Regardless, storing photos on a cloud (rather than just on your phone's hard drive) presents risks. Here's how to figure out if your photos are on the cloud in the first place--and if they are, how to better protect them.
Find out if you're automatically backing up photos. Several companies offer the option to automatically back up your phone or tablet photos into the cloud. Apple offers this feature through iCloud. Google, Microsoft and Dropbox also let users opt to back up their photos automatically. These are opt-in features -- users have to turn them on themselves -- but many people forget that they signed up for these options when setting up their accounts. You can check for these options in your settings. For Apple users, the menu you need is in the "iCloud" section of your settings, under "Photos." Google users should check the "Auto Backup" setting on their Google+ apps. Microsoft users can turn the option to upload photos to SkyDrive in the settings for their Photos app on Windows Phone devices; Dropbox users can turn the option on and off in the settings for the service's app.
Uploading photos automatically is a useful feature, particularly for when you're organizing photos and worried about accidentally deleting something you want to keep. But if you're taking pictures of something -- or someone -- that you don't want sent to the cloud, then it's probably best to turn off that setting.
Use two-factor authentication. "Two-factor authentication" is one of those jargony Internet terms that makes everyone's eyes glaze over. But regardless of whether you are automatically uploading your photos , you should protect your data by turning it on, when it's offered. Basically, "two-factor authentication" adds another layer of security to your accounts by asking you to enter a short code in addition to your normal username and password. This code, which is random, is often texted to your phone, or generated by an app such as Google Authenticator or the Facebook app. This ensures that even if someone does get your password, they will still need your phone to get into your account. Some companies, such as PayPal and Bank of America, even let customers buy a physical card that will generate a code for them if they don't have a cellphone or don't want to use it as part of their log-in process. Yes, two-factor authentication is a little less convenient, but many find that's worth it for the added security.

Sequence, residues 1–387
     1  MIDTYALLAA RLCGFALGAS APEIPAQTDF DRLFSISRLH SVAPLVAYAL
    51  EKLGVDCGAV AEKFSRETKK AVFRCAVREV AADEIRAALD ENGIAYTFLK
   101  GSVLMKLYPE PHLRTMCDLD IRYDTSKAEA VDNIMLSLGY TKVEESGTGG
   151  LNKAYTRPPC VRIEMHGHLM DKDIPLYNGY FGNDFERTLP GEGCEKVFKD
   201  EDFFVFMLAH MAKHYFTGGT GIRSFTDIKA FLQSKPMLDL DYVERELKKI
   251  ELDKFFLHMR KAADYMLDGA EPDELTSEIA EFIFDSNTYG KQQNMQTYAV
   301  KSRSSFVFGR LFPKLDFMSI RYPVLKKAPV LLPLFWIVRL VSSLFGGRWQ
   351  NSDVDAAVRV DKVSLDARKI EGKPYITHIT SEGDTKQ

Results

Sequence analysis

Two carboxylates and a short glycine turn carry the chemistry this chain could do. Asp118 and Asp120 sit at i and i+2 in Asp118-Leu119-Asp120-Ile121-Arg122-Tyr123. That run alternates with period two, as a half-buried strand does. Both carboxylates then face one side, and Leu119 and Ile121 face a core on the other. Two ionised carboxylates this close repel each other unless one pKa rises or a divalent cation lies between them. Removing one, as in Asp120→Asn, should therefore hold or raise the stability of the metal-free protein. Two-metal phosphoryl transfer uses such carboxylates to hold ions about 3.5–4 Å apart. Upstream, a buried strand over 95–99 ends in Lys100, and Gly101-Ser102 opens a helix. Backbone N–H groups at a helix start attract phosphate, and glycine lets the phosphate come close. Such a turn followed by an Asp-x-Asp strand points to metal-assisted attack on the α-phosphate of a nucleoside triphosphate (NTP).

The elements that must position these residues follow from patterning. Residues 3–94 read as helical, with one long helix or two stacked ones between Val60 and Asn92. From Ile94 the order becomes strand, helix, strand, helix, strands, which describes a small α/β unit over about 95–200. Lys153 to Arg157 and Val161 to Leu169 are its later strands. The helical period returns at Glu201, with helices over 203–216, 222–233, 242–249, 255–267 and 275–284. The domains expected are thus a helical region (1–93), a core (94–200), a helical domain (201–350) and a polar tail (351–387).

Learn to avoid falling for the hackers. Of all the things you have to do to protect your data, this may be the hardest part: not falling for schemes as they come. Attacks often succeed because criminals have been able to trick people into giving up their credentials -- no fancy technical knowledge, just a willingness to prey on people's credulity. Often users get e-mails that look like they come from companies they trust -- their bank, Facebook, Google, PayPal -- that are really vehicles for theft. For that reason, you should be wary of any e-mail that you aren't expecting asking you to reset your password. If you get a password reset e-mail and you didn't click a "Forget password?" link for that site, then you should not click on it. And you should definitely not send your password to anyone in response to an e-mail like that. If it happens at work and you're not sure what to do, send an e-mail to your company's IT department.
These mysterious emails could be coming from someone who has your e-mail address and is trying to break into your account, or it could even be an e-mail that directs you to a fake site. Either way, it's not a bad idea to change your password-- just in case someone's trying to hack you. For example, if you get an email that appears to be from Facebook, type in the URL for Facebook in your address bar directly, and start the process yourself by clicking the "Forgot password?" link or heading into your account settings.